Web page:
Research Programs Spanning Childhood and Adulthood
Prevention Intervention Research Program
The Prevention Intervention Research Program is a developmentally focused theory-based research program that spans the life course, from prenatal though adulthood. While the targeted developmental stage may change, the primary focus of these interventions is on reducing risk and increasing protective factors that can modify proximal outcomes (e.g., self-regulation, skill development) as well as long-term, distal outcomes (e.g., depression, anxiety). Transition periods (e.g., biological, normative, social, traumatic) are important opportunities for the implementation of prevention interventions (e.g., pregnancy, transition to elementary school, high school, college). The Prevention Intervention Research Program supports research examining the efficacy and effectiveness of prevention interventions conducted in a variety of contexts and settings. Populations at increased risk for mental health disorders and populations experiencing health disparities are of particular interest.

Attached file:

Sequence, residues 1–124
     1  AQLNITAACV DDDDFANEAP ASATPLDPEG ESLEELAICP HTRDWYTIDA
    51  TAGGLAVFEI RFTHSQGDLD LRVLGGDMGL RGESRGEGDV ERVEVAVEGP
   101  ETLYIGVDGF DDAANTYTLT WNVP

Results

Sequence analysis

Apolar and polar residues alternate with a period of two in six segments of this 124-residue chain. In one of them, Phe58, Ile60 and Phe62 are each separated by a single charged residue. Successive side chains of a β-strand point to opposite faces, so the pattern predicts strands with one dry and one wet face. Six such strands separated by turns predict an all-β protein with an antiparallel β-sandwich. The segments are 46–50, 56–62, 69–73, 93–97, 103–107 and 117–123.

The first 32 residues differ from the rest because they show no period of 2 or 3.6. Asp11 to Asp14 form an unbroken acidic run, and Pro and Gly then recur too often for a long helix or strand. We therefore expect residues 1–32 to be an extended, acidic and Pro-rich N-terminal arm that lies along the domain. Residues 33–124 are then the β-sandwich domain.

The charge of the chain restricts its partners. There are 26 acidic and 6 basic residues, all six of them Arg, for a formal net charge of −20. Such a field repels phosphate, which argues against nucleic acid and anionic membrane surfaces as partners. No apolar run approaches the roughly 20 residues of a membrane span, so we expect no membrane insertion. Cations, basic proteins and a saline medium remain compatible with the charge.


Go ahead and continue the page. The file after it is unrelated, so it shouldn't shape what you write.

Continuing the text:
Mary Rooney, Ph.D.
Suicide Prevention Research Program
The Suicide Prevention Research Program portfolio includes youth and adult-related risk detection, interventions to reduce suicide ideation, attempts and deaths, ranging from exploratory/feasibility studies to effectiveness research. Enhanced approaches to detection, screening, assessment, intervention, follow-up/relapse prevention, as well as types of prevention (universal, selected, indicated) are included. Intervention efforts that address the potential scope of suicide burden (ideation, attempts and/or deaths) or related outcomes (other sources of mortality; functioning) in particular settings or communities are encouraged.
For additional information see A Prioritized Research Agenda for Suicide Prevention: An Action Plan to Save Lives from the National Action Alliance for Suicide Prevention .
Stephen O'Connor, Ph.D.
Small Business Innovation Research Program and Small Business Technology Transfer Program (SBIR/STTR)
The Small Business Innovation Research (SBIR) Program supports research and development by small businesses of innovative technologies that have the potential to succeed commercially or provide significant societal benefits. The Small Business Technology Transfer (STTR) Program has the same objectives but requires academic research involvement. The Treatment and Preventive Intervention Research Branch’s SBIR/STTR Program supports the development and testing of innovative products to effectively diagnose, prevent, and treat mental health disorders.
Additional information can be found on the NIMH SBIR and STTR webpage.
Adam Haim, Ph.D.